Hello! My name is Alison Mahoney. I’m going into my second year as a PhD student in Theatre and Performance Studies at Pitt, and I research performance and disability. In addition to my academic research, I am a theatre practitioner: I co-founded and directed several productions for Bluelaces Theatre Company in New York City, which devises multisensory theatre for neurodiverse audiences of young people and their families or caregivers. While living in New York, I was the accessibility manager for Lincoln Center for the Performing Arts and a project manager with the Museum, Arts, and Culture Access Consortium (MAC), working to increase opportunities at cultural organizations for neurodivergent and disabled adults. These experiences propelled me to go back to school to think further about the ways performance and disability studies can speak to one another in order to build accessible arts spaces that are responsive to the disability communities they serve.
When I found out about the Humanities Engage immersive fellowships, I was excited to apply because this seemed like a great way to blend my nonprofit experience with my academic research. I reached out to CO/LAB Theater Group, an organization in New York whose mission is to “provide individuals with developmental disabilities a creative and social outlet through theater arts.” I highly recommend visiting their website to check out videos of past performances and buy tickets to their upcoming virtual shows! I worked with CO/LAB when I lived in New York, both as a teaching artist for some of their ensemble theater classes and in my capacity as access manager at Lincoln Center, where we collaborated to develop theater workshops as part of the exhibitions at the New York Public Library for the Performing Arts for Lincoln Center families. I have always been impressed with the value CO/LAB places on their participants’ artistic contributions and the respect with which they approach their neurodiverse actors.
This season marks CO/LAB’s tenth anniversary, which is a remarkable achievement for a small nonprofit. The organization has grown in many ways over the past decade. They now offer many more classes to many more actors and have served over 1,300 participants since 2011. Their ideological growth, too, has been profound. The company was founded by four women shortly after completing their undergraduate studies at Syracuse, and initially relied heavily on techniques derived from special education, a field that often positions nondisabled “experts” in power over their disabled students, whose behavior is seen as in need of fixing. This aligns closely to what is known in disability studies as a medical model of disability, which places the “problem” of disability on the individual. In contrast, a social model of disability argues that disabled individuals are not the problem; rather, people are disabled by their encounters with architectural, societal, and attitudinal barriers. Over the course of their ten year history, CO/LAB has adjusted their approach to better align with a social model of disability, forming a self-advocacy committee for their actors to inform programming decisions and offering employment and training opportunities in their classrooms.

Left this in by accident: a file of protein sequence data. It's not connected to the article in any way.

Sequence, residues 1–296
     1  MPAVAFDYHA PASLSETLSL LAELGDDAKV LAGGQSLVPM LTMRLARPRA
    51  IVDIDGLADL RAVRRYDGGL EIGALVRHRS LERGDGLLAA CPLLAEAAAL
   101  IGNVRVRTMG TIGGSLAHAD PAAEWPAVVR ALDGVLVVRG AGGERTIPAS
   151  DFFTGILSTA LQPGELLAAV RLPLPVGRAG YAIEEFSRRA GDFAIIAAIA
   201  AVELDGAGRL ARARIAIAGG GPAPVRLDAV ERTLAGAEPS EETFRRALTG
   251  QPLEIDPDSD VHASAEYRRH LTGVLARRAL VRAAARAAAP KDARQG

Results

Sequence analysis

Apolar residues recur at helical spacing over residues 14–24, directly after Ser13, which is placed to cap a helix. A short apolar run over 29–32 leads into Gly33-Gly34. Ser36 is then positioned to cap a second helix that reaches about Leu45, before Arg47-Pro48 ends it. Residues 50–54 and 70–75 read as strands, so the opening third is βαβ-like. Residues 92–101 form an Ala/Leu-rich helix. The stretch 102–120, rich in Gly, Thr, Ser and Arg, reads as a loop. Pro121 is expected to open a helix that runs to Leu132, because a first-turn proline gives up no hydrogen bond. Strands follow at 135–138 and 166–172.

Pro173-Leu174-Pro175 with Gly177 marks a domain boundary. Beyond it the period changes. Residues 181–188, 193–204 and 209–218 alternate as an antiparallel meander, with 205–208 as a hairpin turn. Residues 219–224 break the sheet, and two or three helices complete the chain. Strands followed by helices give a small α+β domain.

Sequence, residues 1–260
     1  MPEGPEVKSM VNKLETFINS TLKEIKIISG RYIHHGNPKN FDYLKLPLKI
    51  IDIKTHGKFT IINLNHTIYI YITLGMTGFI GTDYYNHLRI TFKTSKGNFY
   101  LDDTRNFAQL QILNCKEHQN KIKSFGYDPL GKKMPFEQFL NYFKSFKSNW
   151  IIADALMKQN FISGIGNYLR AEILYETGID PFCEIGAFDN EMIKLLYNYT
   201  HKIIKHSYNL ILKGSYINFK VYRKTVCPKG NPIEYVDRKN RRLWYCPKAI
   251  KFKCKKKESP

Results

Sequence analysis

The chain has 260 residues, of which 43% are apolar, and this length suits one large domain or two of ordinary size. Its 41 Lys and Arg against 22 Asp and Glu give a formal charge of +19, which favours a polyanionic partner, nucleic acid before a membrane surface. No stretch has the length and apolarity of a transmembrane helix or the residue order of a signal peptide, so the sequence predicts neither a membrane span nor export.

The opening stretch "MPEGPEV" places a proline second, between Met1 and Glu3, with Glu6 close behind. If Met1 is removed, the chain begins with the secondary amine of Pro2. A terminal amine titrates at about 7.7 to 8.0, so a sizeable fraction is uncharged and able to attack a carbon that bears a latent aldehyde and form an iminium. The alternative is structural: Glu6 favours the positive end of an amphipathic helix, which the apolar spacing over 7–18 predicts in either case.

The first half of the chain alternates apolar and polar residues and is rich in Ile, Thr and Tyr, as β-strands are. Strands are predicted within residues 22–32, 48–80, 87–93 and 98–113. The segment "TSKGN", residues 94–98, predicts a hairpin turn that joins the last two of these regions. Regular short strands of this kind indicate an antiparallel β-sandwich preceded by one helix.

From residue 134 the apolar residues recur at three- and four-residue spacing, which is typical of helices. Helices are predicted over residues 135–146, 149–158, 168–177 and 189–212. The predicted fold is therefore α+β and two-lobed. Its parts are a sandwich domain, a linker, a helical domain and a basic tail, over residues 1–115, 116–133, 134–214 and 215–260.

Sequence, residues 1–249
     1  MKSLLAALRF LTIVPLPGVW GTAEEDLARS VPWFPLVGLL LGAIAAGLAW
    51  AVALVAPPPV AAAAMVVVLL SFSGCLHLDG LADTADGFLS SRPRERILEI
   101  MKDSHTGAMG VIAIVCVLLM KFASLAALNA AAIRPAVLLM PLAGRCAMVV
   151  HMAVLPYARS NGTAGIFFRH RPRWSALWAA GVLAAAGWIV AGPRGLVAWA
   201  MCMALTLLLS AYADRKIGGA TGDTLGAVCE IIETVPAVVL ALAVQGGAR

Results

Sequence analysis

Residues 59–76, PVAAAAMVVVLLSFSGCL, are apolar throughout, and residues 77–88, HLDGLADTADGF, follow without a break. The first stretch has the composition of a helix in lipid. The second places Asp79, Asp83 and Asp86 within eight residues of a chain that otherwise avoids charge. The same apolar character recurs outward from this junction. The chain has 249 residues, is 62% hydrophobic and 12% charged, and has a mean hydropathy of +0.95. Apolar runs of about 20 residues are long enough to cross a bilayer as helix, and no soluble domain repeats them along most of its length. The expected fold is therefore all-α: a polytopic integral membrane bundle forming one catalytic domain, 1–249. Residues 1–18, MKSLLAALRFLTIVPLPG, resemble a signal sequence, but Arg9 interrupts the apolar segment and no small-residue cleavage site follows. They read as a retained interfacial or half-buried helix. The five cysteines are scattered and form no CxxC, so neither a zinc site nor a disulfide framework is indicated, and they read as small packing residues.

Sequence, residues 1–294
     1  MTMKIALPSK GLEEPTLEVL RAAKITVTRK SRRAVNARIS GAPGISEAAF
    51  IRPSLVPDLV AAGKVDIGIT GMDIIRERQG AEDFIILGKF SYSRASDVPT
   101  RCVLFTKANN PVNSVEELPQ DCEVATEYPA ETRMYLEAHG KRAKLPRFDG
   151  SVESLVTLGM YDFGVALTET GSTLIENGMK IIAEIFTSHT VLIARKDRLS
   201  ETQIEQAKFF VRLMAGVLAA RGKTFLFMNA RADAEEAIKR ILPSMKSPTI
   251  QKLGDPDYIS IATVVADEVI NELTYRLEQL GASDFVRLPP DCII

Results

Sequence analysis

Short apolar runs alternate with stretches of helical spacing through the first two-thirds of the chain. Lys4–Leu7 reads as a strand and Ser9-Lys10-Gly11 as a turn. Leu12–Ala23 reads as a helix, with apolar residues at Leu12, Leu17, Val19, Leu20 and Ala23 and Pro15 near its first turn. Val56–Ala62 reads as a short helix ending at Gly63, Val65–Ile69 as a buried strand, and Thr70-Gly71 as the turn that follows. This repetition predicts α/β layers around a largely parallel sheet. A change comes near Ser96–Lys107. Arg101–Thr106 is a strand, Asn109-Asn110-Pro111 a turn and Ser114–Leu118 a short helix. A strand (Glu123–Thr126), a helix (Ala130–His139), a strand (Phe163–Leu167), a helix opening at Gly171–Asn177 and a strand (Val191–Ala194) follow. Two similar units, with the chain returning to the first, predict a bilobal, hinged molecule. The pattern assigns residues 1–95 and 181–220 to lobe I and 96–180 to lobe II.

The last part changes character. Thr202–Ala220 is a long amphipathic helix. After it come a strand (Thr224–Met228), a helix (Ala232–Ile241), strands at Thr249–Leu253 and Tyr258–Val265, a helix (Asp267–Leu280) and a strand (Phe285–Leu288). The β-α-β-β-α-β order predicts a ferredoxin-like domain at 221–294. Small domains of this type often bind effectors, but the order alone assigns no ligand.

These ideological shifts have prompted CO/LAB to examine some of their administrative practices, and I am excited to help them incorporate changes to continue uplifting the neurodiverse perspectives within their community. This summer, I am working on three projects: examining their program evaluation practices and “actor log,” the company’s record of information about actors’ in-class participation, and conducting an accessibility audit of their classroom tools. I am tasked with thinking about how to include the perspectives of participants who do not communicate best verbally, since surveys or traditional interviews are not accessible to them. We are exploring the use of photo and video, physical tableaux, drawing, and in-class observations to ensure that CO/LAB receives feedback from all its participants, rather than just those who can articulate their thoughts in written or spoken language. My work with the “actor log” asks questions about what information to include in order to create accessible and supportive classroom environments. I will conduct focus groups and questionnaires with teaching artists, volunteers, actors, and actors’ caregivers to inform my recommendations for adjusting the information gathered in the actor log. Finally, I will be helping CO/LAB conduct one of their regular accessibility audits, which are done to ensure that the tools they use in their classrooms and performance spaces are as responsive as possible to their community’s diverse communication styles and access needs.
I am excited to dive into these projects, and I am grateful to Humanities Engage for making this kind of hands-on experience possible!